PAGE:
Your brain will try to convince you to play it safe. It will tell you that you can't succeed or that you shouldn't bother trying something new.
But even when these thoughts lack a rational basis, we still sometimes allow our anxiety to prevail. Instead of thinking about what could be when we take a risk, we focus on "what if?"
But risks don't have to be reckless.
And while avoiding all risk might seem like a smart way to manage anxiety, in the long run, playing it small is the perfect recipe for depression.
The problem is that we often base our decisions on emotion rather than logic. We incorrectly assume that there's a direct correlation between our fear level and the risk level.
But more often than not, our emotions are just not rational. If we truly understood how to calculate risk, we would know which risks are worth taking, and we would be a lot less fearful about taking them.
Whether you are afraid to take a big leap with your career, or you're terrified to take a small social risk like inviting an acquaintance out for coffee, learning to take healthy risks can open new doors and improve your life.
Sometimes, you need to take risks, challenge yourself, and try harder at things, if you want to grow stronger and become better.
Of course, not all risks are good risks. You only want to take the calculated risks that can truly improve your life (not just the risks that feel good now).
If you find yourself fearing to take healthy, calculated risks, then here are two strategies that can help:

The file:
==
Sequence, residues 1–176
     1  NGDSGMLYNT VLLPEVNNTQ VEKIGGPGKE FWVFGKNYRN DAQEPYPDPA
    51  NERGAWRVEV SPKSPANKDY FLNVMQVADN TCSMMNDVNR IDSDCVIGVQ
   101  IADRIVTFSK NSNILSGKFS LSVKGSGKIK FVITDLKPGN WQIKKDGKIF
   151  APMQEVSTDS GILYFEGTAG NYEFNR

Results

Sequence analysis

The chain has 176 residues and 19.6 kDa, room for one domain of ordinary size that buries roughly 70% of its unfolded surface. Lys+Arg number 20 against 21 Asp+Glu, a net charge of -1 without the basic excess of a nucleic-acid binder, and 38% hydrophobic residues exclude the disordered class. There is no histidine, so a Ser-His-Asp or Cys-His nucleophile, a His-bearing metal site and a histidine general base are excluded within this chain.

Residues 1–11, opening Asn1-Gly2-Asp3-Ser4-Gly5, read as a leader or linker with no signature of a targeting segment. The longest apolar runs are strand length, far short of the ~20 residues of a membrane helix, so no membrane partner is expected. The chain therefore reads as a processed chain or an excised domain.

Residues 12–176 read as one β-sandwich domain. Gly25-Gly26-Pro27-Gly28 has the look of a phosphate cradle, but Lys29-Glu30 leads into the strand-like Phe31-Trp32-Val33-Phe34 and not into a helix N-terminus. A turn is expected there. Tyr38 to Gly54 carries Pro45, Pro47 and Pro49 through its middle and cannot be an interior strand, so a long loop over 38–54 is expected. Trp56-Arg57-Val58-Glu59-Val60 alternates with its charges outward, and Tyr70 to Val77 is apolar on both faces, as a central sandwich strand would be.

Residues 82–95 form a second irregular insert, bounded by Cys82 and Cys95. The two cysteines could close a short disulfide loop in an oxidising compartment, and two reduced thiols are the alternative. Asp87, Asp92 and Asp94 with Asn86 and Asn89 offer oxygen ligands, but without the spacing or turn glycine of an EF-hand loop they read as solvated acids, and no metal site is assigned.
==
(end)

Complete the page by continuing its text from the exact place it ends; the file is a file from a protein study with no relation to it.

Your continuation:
1. Balance your emotions with logic.
Too often, we think our fear is directly related to the level of the risk. The scarier something feels, the riskier it must be. But that's not an accurate way to gauge risk.
After all, driving a car probably doesn't feel risky. But giving a speech in front of a large crowd might feel like a huge risk. Yet your chances of injury or death are much higher when you're behind the wheel than if you're onstage.
So before you talk yourself out of doing something that feels risky, spend a few minutes thinking about the actual level of risk you are up against. Ask yourself, "What risk do I actually face? How can I handle it if it doesn't work out?"
2. Take steps to increase your chances of success.
There are lots of steps you can take to reduce the risk that you face. Maybe you decide to spend a lot of time practicing a speech before you deliver it. This could increase your chances of success.
Or maybe you decide to wait until your side hustle is consistently delivering income before you quit your day job and become an entrepreneur. This might be a wise, calculated risk to take.
So rather than spend time trying to decrease your fear about a risk, put your energy into increasing your chances of success.
Embrace the fact that you might still feel afraid when you take the leap--and that's OK. Facing your fears is a key component in developing the mental strength you need to be your best.
Build Your Mental Muscle
Taking calculated risks is a great way to build mental strength. Doing things that scare you helps you learn to tolerate uncertainty and anxiety. It also provides you with a chance to sharpen your skills and learn from your mistakes.
With practice, you can get better at calculating risk. And as you improve, your chances of success will skyrocket.